Ten people will have the chance to sing karaoke with the Monkees’ Micky Dolenz, lead singer on classics including “I’m a Believer,” “Last Train to Clarksville” and the Monkees’ theme, the day before he performs a rock ‘n’ roll show at the Marathon Center for the Performing Arts’ Donnell Theater.
The concert is 7:30 p.m. Friday, Sept. 28. Tickets cost $36 to $65 and can be purchased at the Marathon Center box office, 200 W. Main Cross St., from 11 a.m. to 5 p.m. weekdays or one hour before showtime; by phone at 419-423-2787; or online at www.marathoncenterarts.org
The Sept. 27 karaoke session will run from 8 p.m. to 10:30 p.m. at the Marathon Center’s Gardner Family Lounge, with the event’s proceeds benefiting the Make-A-Wish Foundation.
It costs $450 to sing two songs with Dolenz, and additional attendees can get in for $100. One hundred people can attend the event, and all of them must already have tickets to the concert.
The $450 VIP ticketholders will receive pictures, autographs, a VIP lanyard and more.
Dolenz, who has been in show business as an actor and singer since he was a child, told The Courier the karaoke event offers him a chance to stretch his singing experience, since the participants don’t always pick Monkee tunes.
For the following day’s concert, Dolenz said fans can expect a setlist heavy on the Monkees’ hits, along with several of their album cuts.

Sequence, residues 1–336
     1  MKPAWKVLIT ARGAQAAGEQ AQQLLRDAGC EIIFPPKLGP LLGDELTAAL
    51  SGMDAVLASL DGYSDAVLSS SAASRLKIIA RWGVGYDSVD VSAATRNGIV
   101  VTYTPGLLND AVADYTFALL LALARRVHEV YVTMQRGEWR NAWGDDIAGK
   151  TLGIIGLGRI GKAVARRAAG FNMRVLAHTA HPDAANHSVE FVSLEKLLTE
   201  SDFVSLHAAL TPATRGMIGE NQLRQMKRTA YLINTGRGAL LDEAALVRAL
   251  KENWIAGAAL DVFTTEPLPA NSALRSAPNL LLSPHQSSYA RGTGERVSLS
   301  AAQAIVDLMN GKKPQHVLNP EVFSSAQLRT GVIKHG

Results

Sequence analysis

He says he plays the tunes exactly as fans remember them, opting out of performing medleys or changing the musical arrangements.
The concert will feature other rock ‘n’ roll staples that tie into Dolenz’s career, including a song from the Monkees’ first opening act in the 1960s, the Jimi Hendrix Experience.
Dolenz will also perform the song that he used to audition for “The Monkees” television program in the 1960s, Chuck Berry’s “Johnny B. Goode,” which landed him the gig as the band’s drummer and one of its lead singers.
His sister, Coco, will perform backing vocals and percussion at the show, as well as taking lead on a few songs, and performing a duet or two with her brother.
Dolenz says he is blessed to have worked with all of the individuals involved with the Monkees project, which includes the sitcom’s writers, directors, actors, crew and producers along with songwriters like Tommy Boyce, Bobby Hart, Neil Diamond, Carole King and Gerry Goffin.
This material was good enough for The Monkees to receive 46 percent of a Gold Derby survey on the next rock group that should be inducted into the Rock and Roll Hall of Fame.
While Dolenz is flattered and appreciates the fans’ efforts to recognize the band, he says it’s not a big deal if the Monkees aren’t inducted, instead praising the Hall of Fame’s “wonderful, wonderful charity work.”
For more information, contact the Marathon Center or visit www.mickydolenz.com